$2.2 Million Settlement Includes Rules For Police To Warn Demonstrators


The federal government will pay $2.2 million to settle claims that U.S. Park Police violated the rights of protesters and bystanders during mass arrests more than a decade ago in downtown Washington, D.C., Legal Times reports. The Park Police also agreed to revise its procedures for responding to large demonstrations. The settlement, which is subject to final approval by a federal judge, closes one of several lawsuits filed against federal and local law enforcement by protesters and bystanders arrested during 2002 demonstrations in D.C.'s Pershing Park against the World Bank and International Monetary Fund.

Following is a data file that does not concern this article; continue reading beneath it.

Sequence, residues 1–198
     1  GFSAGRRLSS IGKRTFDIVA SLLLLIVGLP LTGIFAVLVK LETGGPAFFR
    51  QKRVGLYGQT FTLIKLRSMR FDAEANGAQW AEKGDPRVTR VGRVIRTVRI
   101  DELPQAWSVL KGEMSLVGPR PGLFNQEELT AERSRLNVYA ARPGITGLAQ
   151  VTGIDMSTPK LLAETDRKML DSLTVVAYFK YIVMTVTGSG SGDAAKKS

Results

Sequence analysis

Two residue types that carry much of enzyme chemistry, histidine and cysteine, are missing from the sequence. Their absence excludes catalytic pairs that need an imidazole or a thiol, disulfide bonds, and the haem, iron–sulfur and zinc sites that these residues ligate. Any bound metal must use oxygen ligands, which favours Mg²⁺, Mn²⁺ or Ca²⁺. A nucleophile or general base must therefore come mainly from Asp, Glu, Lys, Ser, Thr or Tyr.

As part of the agreement, the Park Police will take additional steps to make sure protesters receive sufficient warning and an opportunity to disperse before officers make mass arrests. The new language also restricts when officers can encircle a group of demonstrators. Mara Verheyden-Hilliard of the Partnership for Civil Justice, which represented the protesters, said she hoped the settlement would send a message to other law enforcement agencies about the best—and most constitutionally sound—way to respond to mass demonstrations. “If the feds can do this in light of their security obligations, there is no excuse for any police department around the country to not conform their conduct to these constitutional requirements of fair notice and warning,” Verheyden-Hilliard said.

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